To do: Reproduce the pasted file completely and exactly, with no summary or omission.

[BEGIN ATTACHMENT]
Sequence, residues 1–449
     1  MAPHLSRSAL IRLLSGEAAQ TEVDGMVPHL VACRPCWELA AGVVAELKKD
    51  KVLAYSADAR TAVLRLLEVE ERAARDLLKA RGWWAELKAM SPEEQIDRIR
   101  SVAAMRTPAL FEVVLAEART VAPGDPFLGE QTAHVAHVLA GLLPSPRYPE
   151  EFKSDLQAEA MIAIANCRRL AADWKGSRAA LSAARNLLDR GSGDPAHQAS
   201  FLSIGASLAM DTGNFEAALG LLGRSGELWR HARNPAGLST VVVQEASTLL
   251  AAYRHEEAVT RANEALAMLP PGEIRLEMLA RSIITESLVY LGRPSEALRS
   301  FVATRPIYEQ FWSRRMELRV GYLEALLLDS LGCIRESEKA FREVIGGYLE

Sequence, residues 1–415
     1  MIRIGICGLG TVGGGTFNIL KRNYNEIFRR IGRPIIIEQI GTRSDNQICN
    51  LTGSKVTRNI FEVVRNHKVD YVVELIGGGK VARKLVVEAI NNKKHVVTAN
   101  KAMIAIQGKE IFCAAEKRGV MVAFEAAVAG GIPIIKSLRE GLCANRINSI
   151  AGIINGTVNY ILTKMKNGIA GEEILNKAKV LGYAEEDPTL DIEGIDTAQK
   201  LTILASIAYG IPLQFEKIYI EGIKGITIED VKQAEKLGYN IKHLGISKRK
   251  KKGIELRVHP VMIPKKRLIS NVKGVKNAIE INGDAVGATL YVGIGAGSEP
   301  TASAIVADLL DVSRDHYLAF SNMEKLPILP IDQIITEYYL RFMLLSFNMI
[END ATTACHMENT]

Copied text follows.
Sequence, residues 1–449
     1  MAPHLSRSAL IRLLSGEAAQ TEVDGMVPHL VACRPCWELA AGVVAELKKD
    51  KVLAYSADAR TAVLRLLEVE ERAARDLLKA RGWWAELKAM SPEEQIDRIR
   101  SVAAMRTPAL FEVVLAEART VAPGDPFLGE QTAHVAHVLA GLLPSPRYPE
   151  EFKSDLQAEA MIAIANCRRL AADWKGSRAA LSAARNLLDR GSGDPAHQAS
   201  FLSIGASLAM DTGNFEAALG LLGRSGELWR HARNPAGLST VVVQEASTLL
   251  AAYRHEEAVT RANEALAMLP PGEIRLEMLA RSIITESLVY LGRPSEALRS
   301  FVATRPIYEQ FWSRRMELRV GYLEALLLDS LGCIRESEKA FREVIGGYLE

Sequence, residues 1–415
     1  MIRIGICGLG TVGGGTFNIL KRNYNEIFRR IGRPIIIEQI GTRSDNQICN
    51  LTGSKVTRNI FEVVRNHKVD YVVELIGGGK VARKLVVEAI NNKKHVVTAN
   101  KAMIAIQGKE IFCAAEKRGV MVAFEAAVAG GIPIIKSLRE GLCANRINSI
   151  AGIINGTVNY ILTKMKNGIA GEEILNKAKV LGYAEEDPTL DIEGIDTAQK
   201  LTILASIAYG IPLQFEKIYI EGIKGITIED VKQAEKLGYN IKHLGISKRK
   251  KKGIELRVHP VMIPKKRLIS NVKGVKNAIE INGDAVGATL YVGIGAGSEP
   301  TASAIVADLL DVSRDHYLAF SNMEKLPILP IDQIITEYYL RFMLLSFNMI